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'Not a perfect year for reforms, but one of the best years'

May 15, 2015 13:22 IST

Even as India continues on the priority watch list of the Office of the US Trade Representative, strong voices from Washington, DC, have spoken out in favour of India, reports Aziz Haniffa/

The Office of the US Trade Representative, in its annual report of foreign trade barriers last month, retained India on its priority watch list of nations over concerns of intellectual property rights, signalling that this issue will continue to be one that will be an irritant in US-India trade ties.

But policy wonks like Rick Rossow, Wadhwani Chair in US-India Policy Studies at the Center for Strategic and International Studies, and Sumani Dash, Director and Country Head for USA and Canada, Confederation of Indian Industry, based in Washington, DC, in interviews with expressed optimism that this concern will dissipate, and point out that the USTR itself in its report had acknowledged India’s improving environment in IP and other earlier contentious bilateral trade areas.

Rossow, one of the most perceptive and cerebral economic and trade analysts when it comes to US-India trade ties said, “It is not surprising that India, once again, is listed as a priority foreign country. We all recognise that India’s laws and regulations governing IPR could be modernised. Enforcement must also continue to improve.”

He said, “While India’s generic-focused pharmaceutical industry tends to dominate the discussion over India’s IP environment, India is actually home to important IP-creating companies, particularly in the areas of film, television, and software. These groups have a strong offensive interest in seeing a stronger IP framework.”

Dash lamented that it was disappointing that “the USTR has once again placed India in the priority watch list in the 2015 Special 301 Review, given the commendable progress made by the Indian government in addressing specific concerns related to intellectual property rights, especially vis-à-vis the United States.

“The trends in India hence point to greater attention being paid to the overall IPR and Innovation ecosystem which is in the country's own self-interest.”

Meanwhile, Rossow, testifying before the US International Trade Commission on the investigation that the USITC is conducting on the urging of business and industry and some members of the US Congress on trade and investment policies in India 2014-15, said, ‘So far I believe the Narendra Modi government has done an excellent job of quickly opening new sectors to foreign investment, and making other policy changes that will positively impact foreign investors.’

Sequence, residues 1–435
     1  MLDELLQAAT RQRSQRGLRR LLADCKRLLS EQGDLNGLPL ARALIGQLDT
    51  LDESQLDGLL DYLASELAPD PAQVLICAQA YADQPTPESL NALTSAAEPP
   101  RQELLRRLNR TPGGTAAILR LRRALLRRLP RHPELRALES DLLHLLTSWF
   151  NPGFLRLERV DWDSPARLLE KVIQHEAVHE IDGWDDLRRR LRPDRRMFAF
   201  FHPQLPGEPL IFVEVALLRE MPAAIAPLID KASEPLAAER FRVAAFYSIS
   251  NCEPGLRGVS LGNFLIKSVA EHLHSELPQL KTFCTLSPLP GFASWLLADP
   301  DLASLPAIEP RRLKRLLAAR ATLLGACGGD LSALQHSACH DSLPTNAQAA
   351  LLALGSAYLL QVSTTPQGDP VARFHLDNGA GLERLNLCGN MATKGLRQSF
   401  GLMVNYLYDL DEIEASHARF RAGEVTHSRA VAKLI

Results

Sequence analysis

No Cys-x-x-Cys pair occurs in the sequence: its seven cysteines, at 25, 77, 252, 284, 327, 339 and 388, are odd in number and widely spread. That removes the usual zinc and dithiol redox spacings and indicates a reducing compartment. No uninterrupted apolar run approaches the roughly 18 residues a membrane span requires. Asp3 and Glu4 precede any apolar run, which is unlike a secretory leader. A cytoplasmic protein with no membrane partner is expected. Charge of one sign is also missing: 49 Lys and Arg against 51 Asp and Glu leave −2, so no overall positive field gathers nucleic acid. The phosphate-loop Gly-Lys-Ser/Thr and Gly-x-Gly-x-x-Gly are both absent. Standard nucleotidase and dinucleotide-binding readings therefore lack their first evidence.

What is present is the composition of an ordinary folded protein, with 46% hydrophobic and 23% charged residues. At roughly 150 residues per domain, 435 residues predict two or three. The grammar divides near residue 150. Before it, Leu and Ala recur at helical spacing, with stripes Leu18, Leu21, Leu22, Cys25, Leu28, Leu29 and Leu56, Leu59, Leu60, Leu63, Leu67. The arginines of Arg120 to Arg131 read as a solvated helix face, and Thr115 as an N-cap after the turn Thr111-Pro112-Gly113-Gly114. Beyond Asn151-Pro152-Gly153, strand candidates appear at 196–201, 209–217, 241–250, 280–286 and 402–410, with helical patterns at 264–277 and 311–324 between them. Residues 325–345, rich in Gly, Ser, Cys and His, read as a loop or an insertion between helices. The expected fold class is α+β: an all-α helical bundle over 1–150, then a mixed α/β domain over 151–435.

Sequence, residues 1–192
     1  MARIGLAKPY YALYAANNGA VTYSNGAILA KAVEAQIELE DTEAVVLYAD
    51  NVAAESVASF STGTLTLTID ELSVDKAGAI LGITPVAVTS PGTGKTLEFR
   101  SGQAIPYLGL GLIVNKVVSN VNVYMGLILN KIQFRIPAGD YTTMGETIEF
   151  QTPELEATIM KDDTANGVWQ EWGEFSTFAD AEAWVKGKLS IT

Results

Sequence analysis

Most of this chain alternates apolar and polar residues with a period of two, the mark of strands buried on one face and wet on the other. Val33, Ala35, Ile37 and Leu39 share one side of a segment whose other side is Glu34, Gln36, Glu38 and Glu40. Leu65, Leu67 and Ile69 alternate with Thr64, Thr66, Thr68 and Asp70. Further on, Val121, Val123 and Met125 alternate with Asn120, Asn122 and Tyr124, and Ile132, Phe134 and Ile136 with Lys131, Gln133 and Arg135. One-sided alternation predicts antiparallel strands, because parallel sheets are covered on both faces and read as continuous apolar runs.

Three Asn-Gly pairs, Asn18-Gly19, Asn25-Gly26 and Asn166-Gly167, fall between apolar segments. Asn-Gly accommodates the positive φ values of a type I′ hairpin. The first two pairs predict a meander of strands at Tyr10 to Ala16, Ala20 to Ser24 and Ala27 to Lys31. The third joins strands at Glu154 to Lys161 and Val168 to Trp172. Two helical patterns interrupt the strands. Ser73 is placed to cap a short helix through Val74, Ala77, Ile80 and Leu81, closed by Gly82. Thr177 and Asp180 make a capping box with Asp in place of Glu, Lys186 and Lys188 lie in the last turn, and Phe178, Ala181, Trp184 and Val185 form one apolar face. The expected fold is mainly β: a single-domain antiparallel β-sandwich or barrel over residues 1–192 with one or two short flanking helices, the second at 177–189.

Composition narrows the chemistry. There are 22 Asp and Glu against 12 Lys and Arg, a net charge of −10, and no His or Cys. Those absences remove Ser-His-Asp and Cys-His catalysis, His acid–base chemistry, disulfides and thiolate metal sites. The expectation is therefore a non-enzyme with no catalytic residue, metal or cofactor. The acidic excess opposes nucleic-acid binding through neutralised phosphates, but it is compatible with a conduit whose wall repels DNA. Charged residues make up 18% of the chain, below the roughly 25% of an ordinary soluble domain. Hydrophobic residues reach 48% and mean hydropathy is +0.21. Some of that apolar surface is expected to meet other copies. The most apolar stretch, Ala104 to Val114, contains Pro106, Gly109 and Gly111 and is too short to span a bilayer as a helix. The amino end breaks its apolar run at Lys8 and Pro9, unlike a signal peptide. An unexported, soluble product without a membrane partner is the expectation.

But, he noted, it had ‘a mixed record of ‘fixing’ those policy issues that had been the source of tension to the American business community and also  made a few key mis-steps that have been the cause of new concerns to foreign companies.’

Enumerating a few areas where ‘we have seen the Modi government take economic decisions that have served to erode business sentiments,’ Rossow listed these out:

WTO Trade Facilitation Agreement: The single-biggest dark cloud on economic policy hanging over the Modi government’s first year, from the American perspective, is the decision to delay adoption of the WTO Trade Facilitation Agreement last summer. Ultimately India signed on, but only after negotiating a special carve-out for itself.

Model Bilateral Investment Treaty: While the ‘final’ model is yet to be released, the draft issued for public comment in the spring contains changes that will bother investors. These include removing the applicability of ‘most favoured nation’, making it more difficult to launch investor-State dispute settlement proceedings, some open-ended language on credible reasons for expropriation (investors should strive to meet host country development objectives). But also moves closer to the US model in some aspects, in particular through the inclusion of labour and environmental standards. And, of course, this is only the model. Our models were always some distance apart; it will be up to the negotiators to see what is possible.

Minimum Alternative Tax: MAT had not, in practice, been applied to FIIs since it was created in 1997. But an FII that sought a related clarification in 2012 was told they were liable for MAT. Two years later, assessors caught on and began issuing tax notices to FIIs. Finance Minister Arun Jaitley moved pretty quickly to shut the door, but the 68 cases already in process have to continue their course. 

Summarising, Rossow re-emphasised that ‘while we cannot claim this has been a perfect year in terms of liberalising the economy, it has been one of the best years on record.’

‘Certainly well ahead of the first year of either the Vajpayee or the Singh governments. Though we can say that the focus has largely been on economic decisions with a prospective effect, with less attention on issues that had previously caused investor concerns,’ he said.

Image: Prime Minister Narendra Modi. Photograph: Reuters.

Aziz Haniffa in Washington, DC